Project Next Gen’s Six Emerging Designers Made Their Debut at MBFWA

Project NextGen is an initiative that is intended to provide a platform to discover and support emerging Australian fashion designers. This year, the lucky designers featured were Stanzee, Stephanie Henly, Sarah Hope Schofield, Meredith Bullen, Victoria Bliss and Isabelle Quinn. All photos by Jess Brohier.

Project NEXTGEN is a program that connects renowned fashion experts to emerging designers by mentoring them into a thriving career.

Supported by St. George Bank, 50 finalists are narrowed down to six winners who are awarded a year-long mentorship by St. George Bank Business Advisory.

These six hopefuls, aspire to reach the heights of their predecessors and showcased their collections yesterday which included Stanzee, Stephanie Henly, Sarah Hope Schofield, Meredith Bullen, Victoria Bliss and Isabelle Quinn.

You can watch the runway show in its entirety above, then scroll through as we break down each designer and share with you what we loved and loathed from their debut at Australian Fashion Week.

    Stanzee‘s Resort 2018 collection was inspired by the contrast of dark to light and sheer to bold – and there was lots of sheer! Incorporating classic designs with today’s modern edge, Stanzee produced dresses that had the ability to be stand-alone statement pieces. Her palette was full of black and white designs with touches of dark greys and army green, some of which were adorned with gold and silver sequins.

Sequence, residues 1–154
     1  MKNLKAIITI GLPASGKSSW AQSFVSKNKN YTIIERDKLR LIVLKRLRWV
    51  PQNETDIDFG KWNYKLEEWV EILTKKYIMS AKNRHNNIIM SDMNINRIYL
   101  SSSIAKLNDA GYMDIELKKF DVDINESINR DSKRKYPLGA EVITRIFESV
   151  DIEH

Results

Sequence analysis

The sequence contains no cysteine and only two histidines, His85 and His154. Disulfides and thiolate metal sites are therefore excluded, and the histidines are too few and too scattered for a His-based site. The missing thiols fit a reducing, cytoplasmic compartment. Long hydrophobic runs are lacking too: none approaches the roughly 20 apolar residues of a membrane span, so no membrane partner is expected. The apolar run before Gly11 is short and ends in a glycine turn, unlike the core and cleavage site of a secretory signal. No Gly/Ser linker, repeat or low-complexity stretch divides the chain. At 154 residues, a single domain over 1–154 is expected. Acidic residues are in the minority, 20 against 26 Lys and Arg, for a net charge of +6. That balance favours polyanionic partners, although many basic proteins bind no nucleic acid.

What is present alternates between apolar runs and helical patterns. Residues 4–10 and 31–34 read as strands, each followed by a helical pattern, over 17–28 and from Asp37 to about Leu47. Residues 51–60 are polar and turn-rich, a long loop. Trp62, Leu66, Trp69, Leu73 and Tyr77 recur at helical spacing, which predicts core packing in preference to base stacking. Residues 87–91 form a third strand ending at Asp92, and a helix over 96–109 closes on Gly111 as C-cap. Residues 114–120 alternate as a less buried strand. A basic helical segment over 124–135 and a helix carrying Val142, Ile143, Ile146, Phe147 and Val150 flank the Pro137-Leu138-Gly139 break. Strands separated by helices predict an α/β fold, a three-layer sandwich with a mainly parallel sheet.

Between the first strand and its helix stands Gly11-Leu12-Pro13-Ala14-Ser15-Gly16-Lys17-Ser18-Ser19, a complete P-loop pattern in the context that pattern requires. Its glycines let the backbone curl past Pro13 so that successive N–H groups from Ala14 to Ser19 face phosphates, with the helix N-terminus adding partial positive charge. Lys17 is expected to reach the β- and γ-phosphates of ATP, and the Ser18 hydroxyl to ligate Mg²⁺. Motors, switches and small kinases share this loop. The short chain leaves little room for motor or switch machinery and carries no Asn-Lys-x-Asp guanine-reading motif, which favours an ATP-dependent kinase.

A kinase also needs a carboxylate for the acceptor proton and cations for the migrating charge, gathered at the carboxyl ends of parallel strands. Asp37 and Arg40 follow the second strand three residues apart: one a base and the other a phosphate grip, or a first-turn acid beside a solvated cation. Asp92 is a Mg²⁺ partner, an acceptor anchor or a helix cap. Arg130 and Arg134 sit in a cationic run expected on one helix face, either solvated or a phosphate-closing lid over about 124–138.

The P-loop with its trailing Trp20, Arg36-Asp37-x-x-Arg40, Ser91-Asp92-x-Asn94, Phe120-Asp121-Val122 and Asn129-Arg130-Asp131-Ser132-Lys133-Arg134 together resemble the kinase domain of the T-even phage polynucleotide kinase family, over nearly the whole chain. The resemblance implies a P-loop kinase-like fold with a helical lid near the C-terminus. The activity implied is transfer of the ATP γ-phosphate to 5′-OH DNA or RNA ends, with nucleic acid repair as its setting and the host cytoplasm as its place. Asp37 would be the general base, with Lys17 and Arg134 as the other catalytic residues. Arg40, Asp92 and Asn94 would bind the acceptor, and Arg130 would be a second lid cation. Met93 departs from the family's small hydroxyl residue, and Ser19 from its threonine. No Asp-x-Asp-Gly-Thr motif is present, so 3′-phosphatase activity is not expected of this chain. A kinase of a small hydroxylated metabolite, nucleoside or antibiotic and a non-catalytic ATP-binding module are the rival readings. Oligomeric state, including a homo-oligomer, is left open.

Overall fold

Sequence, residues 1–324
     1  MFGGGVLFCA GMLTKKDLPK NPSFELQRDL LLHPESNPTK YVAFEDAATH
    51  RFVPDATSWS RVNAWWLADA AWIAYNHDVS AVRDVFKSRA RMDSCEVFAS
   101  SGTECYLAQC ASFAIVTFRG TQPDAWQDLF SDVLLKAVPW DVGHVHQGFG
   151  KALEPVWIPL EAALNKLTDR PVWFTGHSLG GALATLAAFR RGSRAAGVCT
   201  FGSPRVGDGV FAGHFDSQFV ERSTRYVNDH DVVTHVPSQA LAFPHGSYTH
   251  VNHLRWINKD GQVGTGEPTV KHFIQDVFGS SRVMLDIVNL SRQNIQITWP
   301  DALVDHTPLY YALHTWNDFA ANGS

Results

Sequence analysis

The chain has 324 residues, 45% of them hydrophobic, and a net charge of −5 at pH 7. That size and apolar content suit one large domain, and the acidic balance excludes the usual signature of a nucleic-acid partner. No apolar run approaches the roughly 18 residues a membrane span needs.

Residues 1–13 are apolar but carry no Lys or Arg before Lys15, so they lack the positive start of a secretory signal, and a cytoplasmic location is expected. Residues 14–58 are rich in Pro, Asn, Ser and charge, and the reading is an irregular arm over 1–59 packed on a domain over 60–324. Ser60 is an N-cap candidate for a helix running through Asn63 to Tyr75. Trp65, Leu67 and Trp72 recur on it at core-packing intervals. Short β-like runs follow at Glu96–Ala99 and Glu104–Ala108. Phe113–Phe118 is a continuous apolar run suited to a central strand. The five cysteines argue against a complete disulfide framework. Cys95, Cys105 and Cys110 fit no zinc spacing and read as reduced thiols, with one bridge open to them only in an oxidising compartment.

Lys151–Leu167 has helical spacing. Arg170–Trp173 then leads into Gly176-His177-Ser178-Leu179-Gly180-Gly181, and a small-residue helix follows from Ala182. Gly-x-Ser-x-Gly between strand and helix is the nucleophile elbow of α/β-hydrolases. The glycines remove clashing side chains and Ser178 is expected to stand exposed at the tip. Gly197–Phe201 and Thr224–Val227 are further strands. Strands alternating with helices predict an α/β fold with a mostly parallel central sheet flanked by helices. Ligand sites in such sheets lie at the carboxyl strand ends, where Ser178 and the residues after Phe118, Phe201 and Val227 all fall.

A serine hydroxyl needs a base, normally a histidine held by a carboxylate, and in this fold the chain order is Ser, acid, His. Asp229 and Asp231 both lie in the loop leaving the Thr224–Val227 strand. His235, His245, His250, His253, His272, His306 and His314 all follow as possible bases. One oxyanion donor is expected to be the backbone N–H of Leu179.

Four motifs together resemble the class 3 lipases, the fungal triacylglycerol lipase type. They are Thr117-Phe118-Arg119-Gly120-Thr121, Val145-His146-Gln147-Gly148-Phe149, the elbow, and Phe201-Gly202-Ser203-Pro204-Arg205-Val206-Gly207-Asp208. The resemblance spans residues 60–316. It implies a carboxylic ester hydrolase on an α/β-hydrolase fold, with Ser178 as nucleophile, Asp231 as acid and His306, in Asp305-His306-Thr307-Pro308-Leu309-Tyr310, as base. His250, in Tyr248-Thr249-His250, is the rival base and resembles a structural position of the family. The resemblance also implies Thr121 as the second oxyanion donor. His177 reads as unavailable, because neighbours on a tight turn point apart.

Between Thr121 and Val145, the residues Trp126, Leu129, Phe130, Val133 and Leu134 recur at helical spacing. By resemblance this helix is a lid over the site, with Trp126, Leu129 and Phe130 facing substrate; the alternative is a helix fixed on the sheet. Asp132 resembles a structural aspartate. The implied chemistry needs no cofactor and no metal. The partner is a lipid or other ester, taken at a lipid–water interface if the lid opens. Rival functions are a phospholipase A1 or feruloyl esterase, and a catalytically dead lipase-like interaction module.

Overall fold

Stephanie Henly‘s Resort 2018 collection was a material exploration deriving forms from the embroidery ‘long-stitch’ technique. This technique shown throughout her designs created form and function rather than traditionally a flat decorated surface. Henly also incorporated a lot sheer throughout her collection but it was the detailing within each piece that had everyone talking.
    Sarah Hope Schofield’s work explores haute couture techniques and how a childhood in rural Australia and 8 year’s experience in Paris, shaped her design identity. Want to know our first thoughts when her first design came down the runway? Censorship. You know on TV when they can’t show a woman’s breasts and instead put a black box over it? That’s what we immediately thought, but instead, the censorship boxes came in different colours, sometimes with embellishments. Her other designs were volumised – the bigger, the better apparently – with printed patterns that didn’t exactly go with the rest of the collection. It left us confused more than anything.
    ‘ADAPT Autumn/Winter 2017’ was the collection Meredith Bullen chose to show at Australian Fashion Week this year to showcase herself as an emerging designer and we wish she had chosen to debut something else. Textured hand-constructed woollen weaves were paired with oversized, utilitarian denim.  Most pieces were heavy and bulky, overwhelming the tiny frames of the models that had to carry them down the runway. The collection was clearly inspired by the fashion in Tokyo but perhaps that inspiration was lost in translation at MBFWA.
    Victoria Bliss‘ designs explored her heritage and identity – from laser etched clan tartan, to digital prints developed from The Bay of Fires, Tasmania. The Melbourne designer mixed traditional tailoring and strong silhouettes with bold prints, straw hats and faux fur bags. Confused? So were we.

    We truly believe that they saved the best for last for this runway show, because Isabelle Quinn was our favourite designer out all of all six emerging designers. Her Resort 2017/18 collection was an ethereal selection of creations made with love using a colour palette of black, white, dusty pinks, ivory silks, and navy blue complemented with pink lips and a burst of silver metallic knee-high boots to tie it all up in a pretty package. Dreamy!

All photography captured by Jess Brohier for The 5 to 9 Life.

Runway footage by Mercedes-Benz Fashion Week.